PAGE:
There is so much repetition in this help file, it’s ridiculous!
OK, Grandma, calm down. This is called a “help file,” and the reader can jump into the story at any part in the story. In fact, it’s not a story at all. There is no beginning, middle, or end. It’s a collection of “how to” topics, not a novel. So when Mr. Admin is trying to create a user and starts banging his head against his desk because he can’t figure it out on his own, he can click “Help,” search for “how do I create a user?” and then read a topic called “Creating a User.” He doesn’t want to know why to create a user. He doesn’t want to know what happens at the application level when the user is created. He doesn’t want to know where in the database the user is stored. Right now, all he wants to know is, “how do I create the doggone user?”

(And while you’re laughing because I formatted a sentence in the help with red, bold text, know that I did that because when it was regular, black text, no one would read it. They would scan right past it. I have yet to make it blink, however.)

Why You Need a Technical Writer

Why do I need to hire a technical writer?
My intern did a fine job on that manual last year.
Sure there were a few spelling and grammar errors,
but Word caught most of them.
We don’t have time to create online help,
but, hey, no one reads it anyway!
That’s why we have a help desk!

Having an on-staff technical writer, whose only job is to create properly written, prepared, and presented documents, shows customers that you endeavor to provide a quality product and encourages repeat business.

As technology inserts itself into every aspect of daily life, there is an increasing need for clear, concise, accurate documents to explain that technology. To minimize training and customer-support overhead, savvy business managers provide professionally produced user guides and tutorials. If developers, engineers, or other high-level staff are writing your user guides, not only are you getting a sub par, hastily prepared document, but you are taking time away from your staff’s development, engineering, or other important tasks. Providing incomplete, inaccurate, confusing documents puts a negative face on your organization and encourages potential customers to take their business elsewhere.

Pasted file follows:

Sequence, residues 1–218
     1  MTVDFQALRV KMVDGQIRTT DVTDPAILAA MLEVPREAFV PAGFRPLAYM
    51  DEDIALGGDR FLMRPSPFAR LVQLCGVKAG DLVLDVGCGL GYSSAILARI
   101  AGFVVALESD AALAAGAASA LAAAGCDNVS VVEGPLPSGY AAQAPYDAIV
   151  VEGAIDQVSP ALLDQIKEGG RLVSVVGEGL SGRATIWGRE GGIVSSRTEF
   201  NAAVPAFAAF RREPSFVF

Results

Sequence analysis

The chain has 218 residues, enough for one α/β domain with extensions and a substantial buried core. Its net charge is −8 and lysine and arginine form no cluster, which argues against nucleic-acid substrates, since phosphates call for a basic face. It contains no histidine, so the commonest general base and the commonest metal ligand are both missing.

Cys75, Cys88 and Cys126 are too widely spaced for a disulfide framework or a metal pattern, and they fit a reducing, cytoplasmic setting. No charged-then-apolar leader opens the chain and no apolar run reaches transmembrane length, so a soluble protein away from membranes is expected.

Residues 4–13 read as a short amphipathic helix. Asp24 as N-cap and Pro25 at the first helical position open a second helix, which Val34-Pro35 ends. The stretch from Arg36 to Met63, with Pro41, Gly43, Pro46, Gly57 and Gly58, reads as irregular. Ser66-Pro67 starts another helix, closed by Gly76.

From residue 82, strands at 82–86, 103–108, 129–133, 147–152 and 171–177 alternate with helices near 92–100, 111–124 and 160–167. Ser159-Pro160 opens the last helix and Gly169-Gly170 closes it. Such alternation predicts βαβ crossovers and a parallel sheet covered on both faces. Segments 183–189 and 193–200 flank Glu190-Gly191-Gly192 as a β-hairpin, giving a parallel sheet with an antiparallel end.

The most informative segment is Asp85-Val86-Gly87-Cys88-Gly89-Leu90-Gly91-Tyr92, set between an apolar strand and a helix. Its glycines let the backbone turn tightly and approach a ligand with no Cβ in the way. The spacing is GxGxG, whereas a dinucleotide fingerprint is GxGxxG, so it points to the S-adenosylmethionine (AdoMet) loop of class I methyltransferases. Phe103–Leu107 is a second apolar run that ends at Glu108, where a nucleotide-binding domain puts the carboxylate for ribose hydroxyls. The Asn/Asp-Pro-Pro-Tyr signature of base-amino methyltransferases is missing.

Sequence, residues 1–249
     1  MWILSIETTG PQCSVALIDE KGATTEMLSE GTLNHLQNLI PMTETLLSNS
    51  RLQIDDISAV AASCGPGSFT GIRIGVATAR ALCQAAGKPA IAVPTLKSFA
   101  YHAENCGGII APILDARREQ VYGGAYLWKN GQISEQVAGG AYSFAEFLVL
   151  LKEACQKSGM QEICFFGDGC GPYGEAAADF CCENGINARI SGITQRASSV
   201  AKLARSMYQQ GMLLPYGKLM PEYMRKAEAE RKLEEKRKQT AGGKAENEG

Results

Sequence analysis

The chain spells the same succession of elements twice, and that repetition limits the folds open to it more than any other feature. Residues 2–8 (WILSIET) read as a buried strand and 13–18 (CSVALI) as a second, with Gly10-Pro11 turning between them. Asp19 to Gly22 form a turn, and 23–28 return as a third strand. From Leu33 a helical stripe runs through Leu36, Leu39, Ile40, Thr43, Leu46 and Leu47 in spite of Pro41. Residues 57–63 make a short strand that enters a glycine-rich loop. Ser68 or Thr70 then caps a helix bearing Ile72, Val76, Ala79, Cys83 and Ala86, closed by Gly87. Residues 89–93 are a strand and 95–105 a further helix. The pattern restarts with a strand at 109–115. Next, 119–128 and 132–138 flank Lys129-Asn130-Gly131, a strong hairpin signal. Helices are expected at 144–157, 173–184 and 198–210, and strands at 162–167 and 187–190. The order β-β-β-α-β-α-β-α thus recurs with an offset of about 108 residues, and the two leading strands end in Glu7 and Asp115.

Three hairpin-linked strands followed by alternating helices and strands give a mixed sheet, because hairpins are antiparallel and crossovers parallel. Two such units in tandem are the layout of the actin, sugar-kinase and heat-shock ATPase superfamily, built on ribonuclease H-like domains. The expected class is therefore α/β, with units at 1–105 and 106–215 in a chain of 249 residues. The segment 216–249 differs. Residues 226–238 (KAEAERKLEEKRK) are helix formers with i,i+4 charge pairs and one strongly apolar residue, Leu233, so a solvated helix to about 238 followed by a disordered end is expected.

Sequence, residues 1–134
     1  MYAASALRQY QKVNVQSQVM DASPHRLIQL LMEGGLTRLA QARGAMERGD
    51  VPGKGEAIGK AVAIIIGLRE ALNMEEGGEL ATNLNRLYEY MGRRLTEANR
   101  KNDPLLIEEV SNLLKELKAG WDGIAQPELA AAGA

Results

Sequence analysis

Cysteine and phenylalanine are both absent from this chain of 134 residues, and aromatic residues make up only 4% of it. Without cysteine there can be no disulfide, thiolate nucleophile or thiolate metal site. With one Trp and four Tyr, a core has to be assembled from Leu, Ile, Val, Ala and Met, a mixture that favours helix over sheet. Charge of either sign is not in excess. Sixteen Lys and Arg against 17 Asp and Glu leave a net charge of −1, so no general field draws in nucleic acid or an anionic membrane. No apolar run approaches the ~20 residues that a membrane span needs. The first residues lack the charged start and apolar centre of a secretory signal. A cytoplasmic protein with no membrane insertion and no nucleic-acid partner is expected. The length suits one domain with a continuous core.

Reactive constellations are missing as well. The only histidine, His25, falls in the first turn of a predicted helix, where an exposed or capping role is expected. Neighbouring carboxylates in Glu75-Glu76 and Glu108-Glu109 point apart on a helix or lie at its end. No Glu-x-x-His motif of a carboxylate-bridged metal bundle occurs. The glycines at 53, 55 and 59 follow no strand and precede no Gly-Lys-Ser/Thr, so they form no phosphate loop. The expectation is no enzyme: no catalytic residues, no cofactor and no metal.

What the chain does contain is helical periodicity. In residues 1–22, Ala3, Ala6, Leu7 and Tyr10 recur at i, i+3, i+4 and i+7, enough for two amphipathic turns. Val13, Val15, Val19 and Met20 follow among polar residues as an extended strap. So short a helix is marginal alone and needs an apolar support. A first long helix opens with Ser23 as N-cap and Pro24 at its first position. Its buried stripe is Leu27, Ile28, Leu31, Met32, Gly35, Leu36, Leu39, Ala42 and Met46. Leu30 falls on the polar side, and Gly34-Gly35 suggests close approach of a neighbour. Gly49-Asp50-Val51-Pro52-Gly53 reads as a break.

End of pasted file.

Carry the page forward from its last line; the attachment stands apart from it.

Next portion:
Unfortunately, many companies provide user guides simply as an afterthought or to fulfill a customer requirement.

“Manuals” are frequently written by engineers who don’t want to “waste” their time writing help files–often with English as their second language. Many companies will ask managers or assistants to produce end-user documentation, resulting in documents that are hardly worth the paper they are printed on–or the salaries expended in their production.

A skilled technical writer researches the document’s target audience, determines the information required, and delivers it in a format that fits the need.

Engineers or developers might be experts in their fields, but advanced writing skills are not normally a part of their college curriculum. Technical people typically write to impress other technical people, rather than to get their point across in the most clear, concise manner possible. Also, a salesman’s or manager’s silver tongue in the boardroom doesn’t necessarily translate well into writing. On paper they can seem pompous and lacking in necessary information.

Technical writers design, write, edit, and manage a variety of documents.

  • “How-to” guides
  • Training guides
  • Policies and procedures guides
  • Newsletters
  • Reference books
  • Company newsletters
  • Annual reports
  • Business reports
  • Software user guides
  • Hardware user guides
  • Installation guides
  • Online help
  • Online tutorials
  • Computer-Based Training (CBT)
  • Operating instructions
  • Web site content
  • Promotional mailings
  • Brochures
  • Slide presentations
  • Standardized forms
  • Articles for newspapers, magazines, journals
  • Questionnaires/surveys
  • Templates
  • White Papers

Expertly prepared and managed documents improve every aspect of your business:

  • Current customers become repeat customers when accurate and easy-to-use guides are provided with your product.
  • Well-written and informative catalogs, corporate reports, and marketing materials attract clients and investors.
  • Clear, comprehensive training and procedures documents make employees more efficient.
  • Accurate and clearly written policy manuals avoid legal hassles with employees.
  • A well-written and organized Website presents a professional image to potential customers.